Scott cuts funding for rape crisis centers during Sexual Assault Awareness Month
On April 17, smack in the middle of Sexual Assault Awareness Month, Gov. Rick Scott vetoed $1.5 million for the Florida Council Against Sexual Violence. The Legislature allotted the funds to the organization in order to support 30 rape crisis centers as they face impending reductions in collections, which currently is the bulk of their budgets.
The cut to the Florida Council was just one of the many health projects that Scott used his line-item veto power to eliminate from this year’s $70 billion budget.
Jennifer Dritt, the executive director of the Florida Council, says she is “stunned” the funding was cut. She says the line-item was “new money” meant to ease the reduction in collections that rape crisis centers are facing.
According to the group’s website, due to legislation passed in 2003,
a $151 fine on certain convicted offenders is designated to this trust fund; however, significant revenue from this fine is not likely to be generated for several years. General revenue is needed to ensure that rape crisis centers are able to provide the basic services that most victims of sexual assault need. Victims of sexual assault can’t wait for offenders to be convicted and pay before they receive basic services.
Due to Florida’s recent economic problems, these collections continue to decrease. Dritt says that now, more than most years, the centers were in need of extra funding from the state.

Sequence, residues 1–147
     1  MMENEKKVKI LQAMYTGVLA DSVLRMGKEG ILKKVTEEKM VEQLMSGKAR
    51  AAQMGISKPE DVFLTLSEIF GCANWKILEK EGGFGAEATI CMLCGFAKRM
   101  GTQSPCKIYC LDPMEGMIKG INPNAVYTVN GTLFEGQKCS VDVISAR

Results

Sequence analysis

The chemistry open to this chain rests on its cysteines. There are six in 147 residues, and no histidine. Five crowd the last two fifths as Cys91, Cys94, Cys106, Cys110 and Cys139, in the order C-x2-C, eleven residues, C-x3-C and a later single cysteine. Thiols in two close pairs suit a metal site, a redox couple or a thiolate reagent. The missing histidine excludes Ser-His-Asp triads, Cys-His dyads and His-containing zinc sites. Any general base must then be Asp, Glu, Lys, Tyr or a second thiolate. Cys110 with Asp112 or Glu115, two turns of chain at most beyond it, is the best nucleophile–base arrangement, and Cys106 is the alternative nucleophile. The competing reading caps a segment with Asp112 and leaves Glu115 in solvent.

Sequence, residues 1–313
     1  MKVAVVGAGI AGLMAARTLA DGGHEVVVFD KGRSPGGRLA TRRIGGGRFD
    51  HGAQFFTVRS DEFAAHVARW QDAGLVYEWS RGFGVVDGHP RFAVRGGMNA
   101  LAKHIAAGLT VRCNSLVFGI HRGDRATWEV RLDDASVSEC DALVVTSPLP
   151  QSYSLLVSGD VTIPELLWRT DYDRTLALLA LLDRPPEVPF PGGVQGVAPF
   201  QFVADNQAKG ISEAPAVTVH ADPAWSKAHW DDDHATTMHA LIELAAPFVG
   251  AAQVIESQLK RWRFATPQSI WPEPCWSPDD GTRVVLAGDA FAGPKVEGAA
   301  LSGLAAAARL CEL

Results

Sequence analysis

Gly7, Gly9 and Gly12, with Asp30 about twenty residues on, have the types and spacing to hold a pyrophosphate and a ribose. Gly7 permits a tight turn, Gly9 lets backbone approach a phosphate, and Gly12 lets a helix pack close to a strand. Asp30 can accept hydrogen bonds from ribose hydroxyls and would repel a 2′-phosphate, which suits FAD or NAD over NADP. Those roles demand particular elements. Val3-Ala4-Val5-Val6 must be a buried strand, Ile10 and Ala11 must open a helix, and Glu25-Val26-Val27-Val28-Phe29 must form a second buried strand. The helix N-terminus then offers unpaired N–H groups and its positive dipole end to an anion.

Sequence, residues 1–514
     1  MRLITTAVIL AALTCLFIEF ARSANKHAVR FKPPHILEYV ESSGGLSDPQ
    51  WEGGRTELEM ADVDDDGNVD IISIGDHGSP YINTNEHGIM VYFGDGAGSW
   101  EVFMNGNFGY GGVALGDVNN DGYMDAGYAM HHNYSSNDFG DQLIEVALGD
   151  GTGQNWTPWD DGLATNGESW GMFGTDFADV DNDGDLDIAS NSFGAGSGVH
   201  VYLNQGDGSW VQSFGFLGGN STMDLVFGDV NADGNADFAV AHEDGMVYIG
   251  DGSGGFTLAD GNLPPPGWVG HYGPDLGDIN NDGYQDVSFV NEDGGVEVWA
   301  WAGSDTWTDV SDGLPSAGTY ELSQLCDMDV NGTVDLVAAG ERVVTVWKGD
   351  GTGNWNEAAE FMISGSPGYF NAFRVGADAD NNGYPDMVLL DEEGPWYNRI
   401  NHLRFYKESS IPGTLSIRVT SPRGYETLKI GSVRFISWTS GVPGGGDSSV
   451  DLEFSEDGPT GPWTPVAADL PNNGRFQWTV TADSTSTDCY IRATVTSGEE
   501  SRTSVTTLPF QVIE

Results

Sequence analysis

Dritt says the individual centers could lose $30,000-$100,000, depending on their size.
Mostly, Dritt says, she is “confused.” The line-item met Scott’s criteria of being a statewide expenditure and was not identified as a “turkey” by Florida Tax Watch this year. Being included on Tax Watch’s list is typically a grim omen for any line-item.
“There must be some kind of disconnect,” Dritt says. According to her, “1.2 million women in Florida already have been victimized” and the funding would have helped the centers “double” the number of services they offer and the number of victims they serve.
Dritt says the program was “thoroughly vetted” in the Legislature and had the support of state Sen. Lizbeth Benacquisto, R-Fort Myers, and Rep. Chris Dorworth, R-Heathrow. According to her, the program “met the criteria” set forth by the governor for member projects.
“We are disappointed,” Dritt says. “We are really surprised and frankly stunned — [and] are trying to figure out what the heck happened.”
According to Dritt, she sent an email to the governor’s office explaining what the line-item would fund and had two short phone calls with someone in the governor’s office about the money. She says Scott’s subsequent veto led her to believe that for some reason all the evidence “did not make the state’s needs clear.”
Scott has said publicly that he stands by his vetoes because he believes the programs he eliminated “weren’t a good use of taxpayers’ money and did not serve a statewide need.” He has also said he “gave each project equal and fair consideration.”